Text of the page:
Yule is one of the Sabbats that blends almost seamlessly with its Christian holiday equivalent: Christmas. On Samhain we can go overboard and get called out because of it, like a man who dresses up as a woman for Halloween as a “joke,” but looks so comfortable that it starts whispers. What a specific example! It’s literally the only one I could think of. Regardless, Christians have appropriated so many pagan things from Yule, but left them so relatively unchanged, even your Catholic mother-in-law won’t notice a thing. The exceptions to this rule are the date (Yule is the 21st, four days before Christmas) and holiday cards.
This year I really wanted to send out Yule cards, so I went on a quest. My first stop was Barnes & Noble. There I found an amazing selection of cards, one of which had a great image of the Holly King (I mean, SANTA CLAUS) on the cover. Unfortunately, on the inside it erroneously declared: “Merry Christmas!” Whut? Why’s the Holly King celebrating Christmas? I digress … I then turned to the internet for help; here’s what I found.
Winner! The Yuletide Blessings card from Amber Lotus Publishing. A set of 12 is currently on sale on their website for $11.99 (I paid more than that on Amazon, but it ships free, so do your research). Inside it reads, “Warm wishes for this Winter Solstice.” They have a lot of other cards which means, thankfully, I will be able to buy Yule cards from them for years before I have to find a replacement. They have cards for many different denominations as well. I think this card works even if you’re in the broom closet, but they have some good, vaguely-pagan holidays cards that are even less suspect than this one.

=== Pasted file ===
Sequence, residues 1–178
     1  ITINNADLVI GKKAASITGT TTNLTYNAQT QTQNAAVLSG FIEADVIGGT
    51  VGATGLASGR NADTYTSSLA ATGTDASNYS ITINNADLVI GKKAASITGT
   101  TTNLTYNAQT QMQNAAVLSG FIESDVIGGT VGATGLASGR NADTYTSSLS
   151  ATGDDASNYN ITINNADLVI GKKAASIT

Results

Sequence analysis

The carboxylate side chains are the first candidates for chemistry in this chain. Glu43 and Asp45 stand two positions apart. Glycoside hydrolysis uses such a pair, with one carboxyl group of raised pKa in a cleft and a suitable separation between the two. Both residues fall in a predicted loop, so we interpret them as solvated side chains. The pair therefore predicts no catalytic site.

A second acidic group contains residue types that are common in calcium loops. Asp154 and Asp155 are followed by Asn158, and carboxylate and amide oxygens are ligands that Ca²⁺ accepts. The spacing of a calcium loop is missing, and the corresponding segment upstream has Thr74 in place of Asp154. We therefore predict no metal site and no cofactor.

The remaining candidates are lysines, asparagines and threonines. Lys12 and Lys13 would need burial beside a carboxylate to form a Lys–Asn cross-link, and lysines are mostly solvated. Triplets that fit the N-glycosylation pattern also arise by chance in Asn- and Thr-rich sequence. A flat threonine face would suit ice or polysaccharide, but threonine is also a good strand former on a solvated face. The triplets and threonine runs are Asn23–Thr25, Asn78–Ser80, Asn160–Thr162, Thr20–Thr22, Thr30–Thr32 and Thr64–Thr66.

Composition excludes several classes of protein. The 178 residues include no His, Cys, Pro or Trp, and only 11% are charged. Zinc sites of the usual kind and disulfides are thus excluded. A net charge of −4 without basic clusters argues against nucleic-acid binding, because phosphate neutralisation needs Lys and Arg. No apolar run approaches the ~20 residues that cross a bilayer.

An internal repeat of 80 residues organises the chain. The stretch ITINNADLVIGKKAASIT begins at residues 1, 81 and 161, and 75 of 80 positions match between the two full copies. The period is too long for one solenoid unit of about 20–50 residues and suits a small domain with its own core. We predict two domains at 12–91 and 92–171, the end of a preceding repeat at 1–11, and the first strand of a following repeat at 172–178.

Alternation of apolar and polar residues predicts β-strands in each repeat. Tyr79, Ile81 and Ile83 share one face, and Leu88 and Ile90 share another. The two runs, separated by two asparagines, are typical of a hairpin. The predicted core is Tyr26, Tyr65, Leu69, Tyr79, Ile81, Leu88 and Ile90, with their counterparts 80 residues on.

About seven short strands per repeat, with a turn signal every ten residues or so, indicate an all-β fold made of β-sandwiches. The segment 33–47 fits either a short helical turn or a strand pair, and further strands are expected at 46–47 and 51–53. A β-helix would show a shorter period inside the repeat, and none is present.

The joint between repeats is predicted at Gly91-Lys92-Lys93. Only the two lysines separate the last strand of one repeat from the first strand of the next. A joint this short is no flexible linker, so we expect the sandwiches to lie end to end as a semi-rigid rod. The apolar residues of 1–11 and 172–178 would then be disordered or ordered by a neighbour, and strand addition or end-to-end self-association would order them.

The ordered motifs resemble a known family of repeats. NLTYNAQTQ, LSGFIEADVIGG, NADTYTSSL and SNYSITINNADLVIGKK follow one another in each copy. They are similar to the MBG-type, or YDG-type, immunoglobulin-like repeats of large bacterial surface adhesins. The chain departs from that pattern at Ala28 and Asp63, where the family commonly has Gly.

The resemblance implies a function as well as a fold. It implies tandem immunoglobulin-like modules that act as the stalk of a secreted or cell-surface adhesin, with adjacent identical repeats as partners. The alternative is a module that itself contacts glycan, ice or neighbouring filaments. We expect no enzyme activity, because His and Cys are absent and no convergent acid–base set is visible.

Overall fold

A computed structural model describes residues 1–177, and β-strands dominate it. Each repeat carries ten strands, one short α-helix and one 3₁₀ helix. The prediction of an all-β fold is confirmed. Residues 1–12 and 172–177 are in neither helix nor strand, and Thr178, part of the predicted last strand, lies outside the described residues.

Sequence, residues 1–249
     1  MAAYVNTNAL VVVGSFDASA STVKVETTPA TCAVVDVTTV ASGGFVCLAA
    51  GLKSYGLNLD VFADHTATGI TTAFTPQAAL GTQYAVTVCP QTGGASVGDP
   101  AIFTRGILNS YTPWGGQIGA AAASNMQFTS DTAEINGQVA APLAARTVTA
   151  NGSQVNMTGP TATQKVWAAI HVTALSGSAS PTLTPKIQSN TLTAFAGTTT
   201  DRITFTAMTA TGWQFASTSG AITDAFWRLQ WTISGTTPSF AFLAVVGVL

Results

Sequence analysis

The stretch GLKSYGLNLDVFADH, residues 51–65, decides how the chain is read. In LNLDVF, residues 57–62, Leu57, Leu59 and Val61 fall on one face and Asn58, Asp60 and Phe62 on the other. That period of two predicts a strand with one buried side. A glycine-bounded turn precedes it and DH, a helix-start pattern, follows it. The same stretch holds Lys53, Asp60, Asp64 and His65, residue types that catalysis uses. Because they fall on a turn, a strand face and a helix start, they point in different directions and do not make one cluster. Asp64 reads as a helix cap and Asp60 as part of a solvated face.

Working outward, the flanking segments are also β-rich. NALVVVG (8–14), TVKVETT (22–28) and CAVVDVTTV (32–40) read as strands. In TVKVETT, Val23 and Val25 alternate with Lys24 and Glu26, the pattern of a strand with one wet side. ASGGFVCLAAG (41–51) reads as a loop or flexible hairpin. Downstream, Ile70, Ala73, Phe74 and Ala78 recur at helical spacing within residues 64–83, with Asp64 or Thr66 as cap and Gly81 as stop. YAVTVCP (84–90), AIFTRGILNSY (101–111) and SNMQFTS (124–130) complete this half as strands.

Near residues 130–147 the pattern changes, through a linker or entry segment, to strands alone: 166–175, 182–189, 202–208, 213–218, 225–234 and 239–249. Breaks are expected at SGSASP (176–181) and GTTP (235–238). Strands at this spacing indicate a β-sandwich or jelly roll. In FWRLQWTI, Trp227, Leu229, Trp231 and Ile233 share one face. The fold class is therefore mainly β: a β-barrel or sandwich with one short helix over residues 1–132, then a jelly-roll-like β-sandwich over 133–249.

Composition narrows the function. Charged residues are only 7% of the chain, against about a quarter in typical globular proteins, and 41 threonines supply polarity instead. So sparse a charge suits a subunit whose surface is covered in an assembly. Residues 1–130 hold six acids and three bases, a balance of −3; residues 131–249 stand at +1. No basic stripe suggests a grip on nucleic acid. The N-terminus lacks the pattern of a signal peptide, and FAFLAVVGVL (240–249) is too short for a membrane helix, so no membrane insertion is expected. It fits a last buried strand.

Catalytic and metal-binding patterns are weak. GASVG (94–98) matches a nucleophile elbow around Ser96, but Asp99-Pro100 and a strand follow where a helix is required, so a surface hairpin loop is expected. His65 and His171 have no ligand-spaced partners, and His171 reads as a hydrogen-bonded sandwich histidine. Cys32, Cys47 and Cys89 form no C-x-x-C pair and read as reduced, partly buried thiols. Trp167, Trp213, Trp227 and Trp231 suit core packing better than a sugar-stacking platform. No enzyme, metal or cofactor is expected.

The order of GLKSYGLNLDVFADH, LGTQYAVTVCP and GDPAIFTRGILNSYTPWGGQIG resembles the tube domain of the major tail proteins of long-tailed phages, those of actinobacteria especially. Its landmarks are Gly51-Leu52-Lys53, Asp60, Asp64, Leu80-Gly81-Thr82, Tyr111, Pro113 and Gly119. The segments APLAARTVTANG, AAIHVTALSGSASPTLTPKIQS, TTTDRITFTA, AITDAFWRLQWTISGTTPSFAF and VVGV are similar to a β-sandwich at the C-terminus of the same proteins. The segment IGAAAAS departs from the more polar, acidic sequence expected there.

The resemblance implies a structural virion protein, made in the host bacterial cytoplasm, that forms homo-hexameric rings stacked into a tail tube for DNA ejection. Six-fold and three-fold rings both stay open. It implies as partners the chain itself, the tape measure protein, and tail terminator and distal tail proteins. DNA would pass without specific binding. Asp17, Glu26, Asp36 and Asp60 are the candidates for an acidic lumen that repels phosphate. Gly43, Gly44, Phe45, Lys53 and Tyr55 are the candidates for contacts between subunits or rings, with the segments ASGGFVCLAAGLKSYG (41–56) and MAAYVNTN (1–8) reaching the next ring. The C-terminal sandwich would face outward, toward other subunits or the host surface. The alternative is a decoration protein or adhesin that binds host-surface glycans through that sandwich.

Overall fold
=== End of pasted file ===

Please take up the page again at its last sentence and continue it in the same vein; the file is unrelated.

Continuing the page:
What drew me to this card specifically was the pentacle design on the front. It was beautiful and bold, but still subtle enough that I could tell judgy people – if alarmed – that it was a “Christmas star” on the front. Nothing like fooling the muggles* with their own lies! It’s also in a Celtic knot style – which is so my partner’s vibe, even though it’s not mine – and the blue made it feel snowflake-esque. It’s not a generic “Happy Holidays!” card, either, which I was trying to avoid. Though I think I wrote “Happy Holidays!” on the inside of more than a few, but that’s because only one of my card recipients is pagan. You have to respect people’s way of observing the Sabbat, after all.
You can see my runner-up cards on my Yule Can Rule board on Pinterest. Happy card hunting, fellow witches and pagans! If you’d like to share your card choice in the comments, I’d love to see it.
* I know some people really hate the word “muggle,” since it’s a pejorative term for non-magickal persons. However, I use it because it’s hilarious, cute (and thus, not mean), and very appropriate.